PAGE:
Lassey K.R.,NIWA - National Institute of Water and Atmospheric Research
Animal Feed Science and Technology | Year: 2013
Implementations of the sulphur hexafluoride (SF6) tracer technique to determine methane (CH4) emission rates from individual ruminant animals involve measuring levels of both CH4 and SF6 in background air. In well-ventilated settings, including grazing, background sampling is straightforward and the algebraic correction for background levels is then usually minor. In a recent paper in this journal (Vol. 170, p. 265-276), Williams et al. drew attention to the much more careful consideration that is needed for background sampling in experiments that use the SF6 tracer technique with housed animals when both CH4 and SF6 levels can build up unevenly within the housing. This note builds on that study to show specifically and rigorously: (a) what is meant by background air, and that background corrections to CH4 emission estimates are unaffected by the recycling of CH4 and SF6 through inhalation of self-exhaled gases; (b) that in studies of the role of various treatments on CH4 emission rates, the siting of background samplers can crucially impact on findings; and, in particular, (c) that reports of a possible dependence of estimated CH4 emission rates upon the rate of SF6 release in the rumen are called into question due to the sensitivity of those findings to the siting of background samplers. © 2012 Elsevier B.V..
Chiswell S.M.,NIWA - National Institute of Water and Atmospheric Research
Marine Ecology Progress Series | Year: 2011
The critical-depth model for the onset of the spring phytoplankton bloom in the North Atlantic has recently been called into question by several researchers. The critical-depth model considers that the spring bloom starts when the mixed layer shoals to become shallower than a critical depth. Satellite and in situ measurements of chlorophyll are used here to show that the critical-depth model is indeed flawed. It is shown that the critical-depth model does not apply in the spring because the basic assumption of an upper layer that is well-mixed in plankton is not met. Instead, the spring bloom forms in shallow near-surface layers that deepen with the onset of thermal stratification. A stratification-onset model for the annual cycle in plankton is proposed that adheres to the conventional idea that the spring bloom represents a change from a deepmixed regime to a shallow light-driven regime, but where the upper layers are not well mixed in plankton in spring and so the critical-depth model does not apply. Ironically, perhaps, the criticaldepth model applies in the autumn and winter when plankton are well-mixed to the seasonal thermocline, so that the critical-depth model can be used to determine whether net winter production is positive or negative. model © 2011 Inter-Research.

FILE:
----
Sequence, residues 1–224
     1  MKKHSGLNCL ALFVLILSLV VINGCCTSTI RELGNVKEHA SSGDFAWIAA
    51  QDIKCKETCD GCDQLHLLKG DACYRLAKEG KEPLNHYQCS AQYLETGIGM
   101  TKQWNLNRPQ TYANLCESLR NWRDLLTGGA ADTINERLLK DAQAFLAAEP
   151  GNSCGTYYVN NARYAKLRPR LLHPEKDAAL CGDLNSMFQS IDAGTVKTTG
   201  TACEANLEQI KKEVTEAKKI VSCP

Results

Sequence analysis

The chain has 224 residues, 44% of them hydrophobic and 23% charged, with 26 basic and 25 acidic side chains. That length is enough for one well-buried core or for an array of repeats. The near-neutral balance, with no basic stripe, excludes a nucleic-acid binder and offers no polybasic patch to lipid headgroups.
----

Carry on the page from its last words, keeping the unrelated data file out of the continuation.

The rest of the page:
Francis R.I.C.C.,NIWA - National Institute of Water and Atmospheric Research
Canadian Journal of Fisheries and Aquatic Sciences | Year: 2011
The conclusions drawn from fisheries stock assessment models can depend strongly on the relative weights assigned to different data sets. However, there is no consensus amongst practitioners as to the best approach to data weighting. From a discussion of some key questions concerning data weighting in stock assessment models, I draw three guiding principles: (i) do not let other data stop the model from fitting abundance data well; (ii) when weighting age or length composition data, allow for correlations; and (iii) do not down-weight abundance data because they may be unrepresentative. I propose an approach to data weighting based on these principles. Two factors that complicate this approach are that some decisions are inevitably subjective (which underlines the need for expert knowledge in stock assessment), and some technical problems are unresolved.
Chang F.H.,NIWA - National Institute of Water and Atmospheric Research
Harmful Algae | Year: 2011